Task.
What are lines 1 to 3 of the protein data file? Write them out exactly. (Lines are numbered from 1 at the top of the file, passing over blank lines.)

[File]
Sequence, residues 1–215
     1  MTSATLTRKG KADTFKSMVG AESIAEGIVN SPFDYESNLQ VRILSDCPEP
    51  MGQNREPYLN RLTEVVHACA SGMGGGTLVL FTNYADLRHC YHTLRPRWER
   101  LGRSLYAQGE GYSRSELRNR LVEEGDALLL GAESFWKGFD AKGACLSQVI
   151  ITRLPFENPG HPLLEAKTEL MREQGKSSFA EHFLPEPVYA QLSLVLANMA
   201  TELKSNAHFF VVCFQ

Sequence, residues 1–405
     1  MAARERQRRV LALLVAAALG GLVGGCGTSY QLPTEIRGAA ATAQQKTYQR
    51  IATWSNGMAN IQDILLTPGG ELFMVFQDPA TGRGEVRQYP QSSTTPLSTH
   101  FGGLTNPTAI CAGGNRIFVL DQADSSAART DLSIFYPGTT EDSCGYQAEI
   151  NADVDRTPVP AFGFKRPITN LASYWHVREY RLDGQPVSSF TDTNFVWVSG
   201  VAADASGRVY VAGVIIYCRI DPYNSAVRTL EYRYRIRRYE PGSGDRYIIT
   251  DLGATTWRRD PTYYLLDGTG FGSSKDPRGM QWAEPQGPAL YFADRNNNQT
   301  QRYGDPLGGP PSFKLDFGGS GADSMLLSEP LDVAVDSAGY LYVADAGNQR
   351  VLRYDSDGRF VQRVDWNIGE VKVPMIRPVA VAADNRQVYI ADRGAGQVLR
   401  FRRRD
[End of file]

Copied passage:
Sequence, residues 1–215
     1  MTSATLTRKG KADTFKSMVG AESIAEGIVN SPFDYESNLQ VRILSDCPEP
    51  MGQNREPYLN RLTEVVHACA SGMGGGTLVL FTNYADLRHC YHTLRPRWER